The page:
This research was then supplemented by the research of Al Lizotte, who found that the men who committed crimes with guns first got interested in guns in their mid-teens, the same years which they were already exhibiting serious and sustained delinquent behavior.  

              In other words, we suffer from gun violence not because we don’t have enough gun regulations on the books, but because we lose track of the boys who begin to exhibit criminal behavior and get into guns at the same time.

              I have yet to see one, single gun-control advocacy organization show the slightest interest or even awareness of the connection between adolescence, delinquency, and guns, even though this knowledge has been out there, published and validated, for fifty years.

              My friends in Gun-control Nation face a serious choice. They can keep saying the same thing they have been saying about how we need more gun laws, whether these laws really help reduce gun violence or not. Or they can come up with a strategy which deals with the fundamental reason why someone picks up a gun, points it at someone else and pulls the trigger – on average – 275 times every day.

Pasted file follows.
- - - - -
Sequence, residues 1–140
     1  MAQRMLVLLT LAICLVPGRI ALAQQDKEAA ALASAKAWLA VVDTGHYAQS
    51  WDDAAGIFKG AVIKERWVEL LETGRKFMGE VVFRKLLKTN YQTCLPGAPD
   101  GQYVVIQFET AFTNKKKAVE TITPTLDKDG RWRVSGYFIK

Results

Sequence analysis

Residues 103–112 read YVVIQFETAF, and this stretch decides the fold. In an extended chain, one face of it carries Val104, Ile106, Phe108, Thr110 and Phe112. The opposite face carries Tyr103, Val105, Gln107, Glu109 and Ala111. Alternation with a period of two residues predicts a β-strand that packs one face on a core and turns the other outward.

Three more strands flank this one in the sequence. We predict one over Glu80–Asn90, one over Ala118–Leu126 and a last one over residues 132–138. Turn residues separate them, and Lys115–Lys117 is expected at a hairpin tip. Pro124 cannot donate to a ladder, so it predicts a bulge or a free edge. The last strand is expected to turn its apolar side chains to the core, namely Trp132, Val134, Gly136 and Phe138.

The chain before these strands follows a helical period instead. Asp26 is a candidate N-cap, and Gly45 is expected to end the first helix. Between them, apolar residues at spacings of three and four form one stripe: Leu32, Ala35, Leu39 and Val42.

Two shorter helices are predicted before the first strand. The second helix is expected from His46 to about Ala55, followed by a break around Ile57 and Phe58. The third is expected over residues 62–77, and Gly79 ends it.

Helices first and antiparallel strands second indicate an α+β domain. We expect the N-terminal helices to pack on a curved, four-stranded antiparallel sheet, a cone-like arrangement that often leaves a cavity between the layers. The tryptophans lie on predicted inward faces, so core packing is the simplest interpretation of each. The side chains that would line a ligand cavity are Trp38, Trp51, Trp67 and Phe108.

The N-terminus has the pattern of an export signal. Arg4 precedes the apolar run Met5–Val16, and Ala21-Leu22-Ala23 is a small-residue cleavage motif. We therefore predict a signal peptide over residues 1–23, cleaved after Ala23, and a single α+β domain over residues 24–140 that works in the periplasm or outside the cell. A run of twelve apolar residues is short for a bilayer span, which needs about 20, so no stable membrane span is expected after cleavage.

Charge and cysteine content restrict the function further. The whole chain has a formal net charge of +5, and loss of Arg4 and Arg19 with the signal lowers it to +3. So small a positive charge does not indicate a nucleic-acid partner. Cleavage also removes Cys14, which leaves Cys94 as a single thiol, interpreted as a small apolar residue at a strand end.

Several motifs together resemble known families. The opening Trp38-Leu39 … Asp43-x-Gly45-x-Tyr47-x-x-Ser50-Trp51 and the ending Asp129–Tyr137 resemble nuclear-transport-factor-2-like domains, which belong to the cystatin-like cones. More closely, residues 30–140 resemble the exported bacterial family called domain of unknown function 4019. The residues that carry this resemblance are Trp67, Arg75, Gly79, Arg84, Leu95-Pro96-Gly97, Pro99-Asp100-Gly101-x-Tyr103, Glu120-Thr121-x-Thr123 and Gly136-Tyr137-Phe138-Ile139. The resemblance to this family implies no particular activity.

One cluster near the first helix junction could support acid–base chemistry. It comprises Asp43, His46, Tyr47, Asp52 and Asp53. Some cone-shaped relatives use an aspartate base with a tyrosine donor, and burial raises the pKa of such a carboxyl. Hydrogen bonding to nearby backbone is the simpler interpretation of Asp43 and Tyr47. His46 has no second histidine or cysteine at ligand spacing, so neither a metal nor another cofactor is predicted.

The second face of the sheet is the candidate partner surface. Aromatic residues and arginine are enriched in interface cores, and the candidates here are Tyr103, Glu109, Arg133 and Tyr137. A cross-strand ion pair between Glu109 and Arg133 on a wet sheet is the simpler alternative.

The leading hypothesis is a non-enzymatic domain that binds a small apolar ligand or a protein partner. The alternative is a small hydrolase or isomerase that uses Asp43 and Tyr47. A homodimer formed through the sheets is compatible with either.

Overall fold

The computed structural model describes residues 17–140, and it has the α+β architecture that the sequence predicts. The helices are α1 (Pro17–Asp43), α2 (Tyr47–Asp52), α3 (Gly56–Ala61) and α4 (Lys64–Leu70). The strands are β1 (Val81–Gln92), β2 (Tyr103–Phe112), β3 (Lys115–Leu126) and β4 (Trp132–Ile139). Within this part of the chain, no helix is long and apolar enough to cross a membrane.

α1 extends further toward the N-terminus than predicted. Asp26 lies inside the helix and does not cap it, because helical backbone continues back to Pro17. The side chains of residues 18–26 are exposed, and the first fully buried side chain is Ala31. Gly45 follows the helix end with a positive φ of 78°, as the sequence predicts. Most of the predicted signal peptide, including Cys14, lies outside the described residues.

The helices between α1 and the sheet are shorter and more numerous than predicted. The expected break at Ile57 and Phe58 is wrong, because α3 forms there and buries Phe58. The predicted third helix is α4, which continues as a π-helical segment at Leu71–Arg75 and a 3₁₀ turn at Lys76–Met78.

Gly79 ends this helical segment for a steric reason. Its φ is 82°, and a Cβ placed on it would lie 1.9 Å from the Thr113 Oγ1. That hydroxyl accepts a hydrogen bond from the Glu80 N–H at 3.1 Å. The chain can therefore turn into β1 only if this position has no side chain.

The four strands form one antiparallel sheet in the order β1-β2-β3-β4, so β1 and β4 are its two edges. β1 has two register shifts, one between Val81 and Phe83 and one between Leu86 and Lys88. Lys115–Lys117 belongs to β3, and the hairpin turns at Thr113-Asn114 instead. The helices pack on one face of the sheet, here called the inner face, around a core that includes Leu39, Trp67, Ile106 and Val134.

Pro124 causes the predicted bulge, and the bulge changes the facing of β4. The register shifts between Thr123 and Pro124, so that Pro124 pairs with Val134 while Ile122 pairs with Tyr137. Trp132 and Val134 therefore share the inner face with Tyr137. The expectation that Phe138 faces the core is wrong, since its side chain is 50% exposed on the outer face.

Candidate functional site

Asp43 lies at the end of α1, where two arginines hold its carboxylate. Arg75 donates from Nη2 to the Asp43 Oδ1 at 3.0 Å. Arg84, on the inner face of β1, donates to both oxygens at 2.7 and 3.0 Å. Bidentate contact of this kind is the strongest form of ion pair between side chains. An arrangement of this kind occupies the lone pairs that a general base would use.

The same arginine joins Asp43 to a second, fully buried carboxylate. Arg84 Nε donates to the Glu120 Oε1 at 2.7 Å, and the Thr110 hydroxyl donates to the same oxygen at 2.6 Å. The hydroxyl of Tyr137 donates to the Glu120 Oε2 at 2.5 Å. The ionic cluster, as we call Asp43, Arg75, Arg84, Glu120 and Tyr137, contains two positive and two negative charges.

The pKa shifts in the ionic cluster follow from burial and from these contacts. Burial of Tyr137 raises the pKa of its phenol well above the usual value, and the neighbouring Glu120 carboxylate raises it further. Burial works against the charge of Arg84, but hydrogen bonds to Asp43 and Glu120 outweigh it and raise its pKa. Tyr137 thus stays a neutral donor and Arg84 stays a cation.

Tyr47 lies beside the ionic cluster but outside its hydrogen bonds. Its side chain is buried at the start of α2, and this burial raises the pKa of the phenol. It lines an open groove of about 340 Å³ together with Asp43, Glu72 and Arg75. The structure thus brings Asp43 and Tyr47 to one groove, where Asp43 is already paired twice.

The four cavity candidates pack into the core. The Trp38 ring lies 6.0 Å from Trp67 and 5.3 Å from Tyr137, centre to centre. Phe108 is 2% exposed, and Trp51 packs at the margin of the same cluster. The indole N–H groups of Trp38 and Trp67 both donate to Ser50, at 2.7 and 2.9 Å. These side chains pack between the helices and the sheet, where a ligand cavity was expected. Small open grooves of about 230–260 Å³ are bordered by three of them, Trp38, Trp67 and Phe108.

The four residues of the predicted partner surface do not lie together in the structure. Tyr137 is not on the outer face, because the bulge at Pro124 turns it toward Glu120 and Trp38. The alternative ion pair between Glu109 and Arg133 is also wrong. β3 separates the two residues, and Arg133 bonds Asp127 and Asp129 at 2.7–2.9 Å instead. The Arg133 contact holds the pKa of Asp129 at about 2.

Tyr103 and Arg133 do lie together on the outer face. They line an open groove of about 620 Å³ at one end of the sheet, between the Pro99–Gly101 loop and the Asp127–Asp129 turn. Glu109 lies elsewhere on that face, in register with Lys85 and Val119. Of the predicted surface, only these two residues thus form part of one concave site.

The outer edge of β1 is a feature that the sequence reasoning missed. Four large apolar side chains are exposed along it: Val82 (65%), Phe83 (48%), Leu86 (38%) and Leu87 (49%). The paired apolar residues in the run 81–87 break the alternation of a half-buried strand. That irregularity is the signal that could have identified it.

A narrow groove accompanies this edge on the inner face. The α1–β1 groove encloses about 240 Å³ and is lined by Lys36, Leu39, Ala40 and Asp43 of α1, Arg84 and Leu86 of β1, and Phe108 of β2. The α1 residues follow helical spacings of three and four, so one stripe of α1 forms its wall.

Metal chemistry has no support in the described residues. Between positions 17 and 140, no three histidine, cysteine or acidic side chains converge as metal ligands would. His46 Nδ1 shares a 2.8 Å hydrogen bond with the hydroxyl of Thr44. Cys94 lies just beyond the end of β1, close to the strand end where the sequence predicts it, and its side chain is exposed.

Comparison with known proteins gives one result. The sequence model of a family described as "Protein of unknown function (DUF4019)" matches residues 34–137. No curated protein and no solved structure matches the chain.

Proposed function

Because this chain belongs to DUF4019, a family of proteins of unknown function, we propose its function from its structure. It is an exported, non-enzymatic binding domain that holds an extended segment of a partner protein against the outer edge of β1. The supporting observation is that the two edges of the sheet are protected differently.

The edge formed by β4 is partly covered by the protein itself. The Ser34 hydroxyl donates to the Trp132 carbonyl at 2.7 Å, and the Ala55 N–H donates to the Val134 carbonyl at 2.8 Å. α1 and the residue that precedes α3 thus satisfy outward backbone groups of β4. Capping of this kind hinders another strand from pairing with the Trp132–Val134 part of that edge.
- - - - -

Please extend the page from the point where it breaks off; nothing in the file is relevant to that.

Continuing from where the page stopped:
Let’s Start a Militia Movement.

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              I have a great idea for what we can do to make a buck and also have a lot of fun. Let’s form a militia. We’ll call it, hmmm, the Citizen’s Liberal Militia, or CLM.  I’ll get my stepdaughter to design a logo because she’s a designer who trained at Parsons, no less.  I’ll get my son who’s an internet macher to design a website.

              Why do we need a militia?  That’s an easy one. We need a militia to protect us against all those enemies of the Deep State. And they’re out there, make no mistake about it. They’re getting stronger and are becoming more of a threat every…single…day!

              The CLM website, of course, will have an online store. We’ll start with t-shirts for $29.95, hoodies for $49.95, some swanky camo outfits that CLM troops can wear when we are forced to abandon home and hearth and bivouac out in the woods. And let’s not forget some two-way radios and other electronic gear. After all, the CLM has to be ready for any assault from the enemies of truth, freedom, and the American way.

              Of course, then we come to the tricky part, which is the issue of guns. I mean, you can’t be a militia that will be taken seriously unless you’re armed, right? There’s an outfit at Georgetown University Law School, the Institute for Constitutional Advocacy and Protection (whew!) which just got a whole page of free advertising from our friends at The Trace. They submitted a brief to the SCOTUS in the case – New York State Rifle & Pistol Association v. Kevin P. Bruen – which may or may not allow Americans to cross state lines with a concealed gun.